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>I'm in the process of selecting a 2-way radio for off-highway use in our >Hummer. I'm leaning strongly toward a VHF unit that operates in the 150 >MHz range. The range, clarity and small antenna size makes these units >very appealing. I'll be getting both a mobile and a hand-held unit (so >that a spotter can stay back a safe distance and still provide assistance). > >Question: > >Which frequencies should I have the radio programmed to operate on? I've >seen a few references to 151.625 MHz. Which frequencies are used by other >Hummer owners in the Bay Area? Are there any well-established emergency >frequencies in this part of the spectrum (similar to channel 9 for CBs or >121.5 MHz for aviation)?
You can only use those frequencies for which you have an FCC license. In the 151 range it's the GMRS (General Mobile Radio Service) and you must apply to a frequency coordinator for a license, or buy your repeater service from a vendor. The same is true of UHF business band, but there is, I hear, a "personal communications" band in UHF for low-powered family communications which does not require a license.
The field of personal communications and business communications is changing so fast it's difficult to keep up with the options available, and I haven't, since I'm a Ham and have licenses for various police/civil defense/military frequencies.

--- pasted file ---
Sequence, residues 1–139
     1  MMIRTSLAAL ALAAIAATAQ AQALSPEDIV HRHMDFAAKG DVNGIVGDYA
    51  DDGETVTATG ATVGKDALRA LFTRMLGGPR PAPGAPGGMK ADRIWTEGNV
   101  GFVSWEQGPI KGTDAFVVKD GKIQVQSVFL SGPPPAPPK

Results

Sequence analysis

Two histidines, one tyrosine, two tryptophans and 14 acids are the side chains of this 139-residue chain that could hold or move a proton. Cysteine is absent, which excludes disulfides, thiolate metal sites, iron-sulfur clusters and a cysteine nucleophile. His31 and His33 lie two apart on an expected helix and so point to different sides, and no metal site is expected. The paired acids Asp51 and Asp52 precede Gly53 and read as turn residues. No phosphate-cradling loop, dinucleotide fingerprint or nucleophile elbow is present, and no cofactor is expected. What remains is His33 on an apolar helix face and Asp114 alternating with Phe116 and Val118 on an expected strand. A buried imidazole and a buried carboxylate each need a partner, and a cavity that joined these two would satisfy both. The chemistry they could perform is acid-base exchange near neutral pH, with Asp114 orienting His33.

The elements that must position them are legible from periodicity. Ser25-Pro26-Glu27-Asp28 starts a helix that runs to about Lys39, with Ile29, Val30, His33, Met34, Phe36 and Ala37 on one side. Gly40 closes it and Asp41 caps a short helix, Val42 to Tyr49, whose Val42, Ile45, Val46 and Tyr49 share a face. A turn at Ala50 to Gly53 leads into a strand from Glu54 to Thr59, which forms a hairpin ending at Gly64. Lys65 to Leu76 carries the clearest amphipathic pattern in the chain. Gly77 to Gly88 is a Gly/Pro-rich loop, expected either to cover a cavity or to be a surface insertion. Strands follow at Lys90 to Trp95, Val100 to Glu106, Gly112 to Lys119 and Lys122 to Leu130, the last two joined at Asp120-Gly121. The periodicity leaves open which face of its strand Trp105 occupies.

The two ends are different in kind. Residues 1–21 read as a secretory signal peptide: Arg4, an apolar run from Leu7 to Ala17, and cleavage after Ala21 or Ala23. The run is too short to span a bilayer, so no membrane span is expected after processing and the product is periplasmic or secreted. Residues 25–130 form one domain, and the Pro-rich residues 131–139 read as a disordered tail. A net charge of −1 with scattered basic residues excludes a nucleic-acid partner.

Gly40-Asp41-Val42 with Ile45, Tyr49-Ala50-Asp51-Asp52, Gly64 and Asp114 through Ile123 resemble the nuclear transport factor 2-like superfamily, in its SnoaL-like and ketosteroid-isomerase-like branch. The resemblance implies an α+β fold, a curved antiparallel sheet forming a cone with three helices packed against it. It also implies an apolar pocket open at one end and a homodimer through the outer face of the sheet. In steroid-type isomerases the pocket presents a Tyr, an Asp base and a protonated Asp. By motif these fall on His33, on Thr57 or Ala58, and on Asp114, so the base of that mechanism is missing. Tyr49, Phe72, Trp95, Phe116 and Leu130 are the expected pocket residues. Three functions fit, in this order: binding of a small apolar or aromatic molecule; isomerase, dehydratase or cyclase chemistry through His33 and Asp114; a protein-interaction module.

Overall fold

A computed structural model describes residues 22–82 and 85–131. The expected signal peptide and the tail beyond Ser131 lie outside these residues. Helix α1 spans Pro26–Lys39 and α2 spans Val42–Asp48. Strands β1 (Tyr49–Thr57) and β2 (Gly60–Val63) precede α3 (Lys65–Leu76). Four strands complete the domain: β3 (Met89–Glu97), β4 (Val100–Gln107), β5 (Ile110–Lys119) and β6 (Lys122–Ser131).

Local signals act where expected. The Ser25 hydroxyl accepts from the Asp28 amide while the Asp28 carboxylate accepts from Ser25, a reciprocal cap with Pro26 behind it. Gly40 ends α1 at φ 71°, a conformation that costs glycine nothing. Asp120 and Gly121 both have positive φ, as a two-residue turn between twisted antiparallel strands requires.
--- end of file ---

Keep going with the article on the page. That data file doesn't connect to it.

Check with the local FCC office or a local service shop which can advise you on licenseable frequencies.
DO NOT USE 121.5 or any other aircraft frequency, you will lose you radios, your truck, your savings account and quite probably your freedom if you do. The FAA and FCC take a *very* dim view of unlicensed operations which can interfere with flight safety. DO NOT buy an ELT or EPIRB and expect to get away with using it for a vehicular emergency without a serious fine, even if it's a true emergency.....then again, I keep one in my survival vest because I'd rather pay the fine than die....but it will be that choice if I ever have to use it.
There are no established "emergency frequencies" that I know of other than CB which are available for public land mobile use.
>I'm thinking of also getting some form of hand-held CB radio in case other >Hummers in a group aren't equipped with VHF.
Good idea, and cheap too...
Your post was well taken, but you referred to the 151 VHF band as being where GMRS is located. I think it was just a typo but wanted to clear it up. The General Mobile Radio Service is located in the 460 UHF band. The new unlicensed Family Radio Service (FRS) is also located in the same area. FRS radios are now widely available from Radio Shack and Motorola but are limited to a mile or two in average terrain due to low power limitation. I dont think there is any frequency that can be had in the VHF (150-170) band without obtaining an FCC Lic.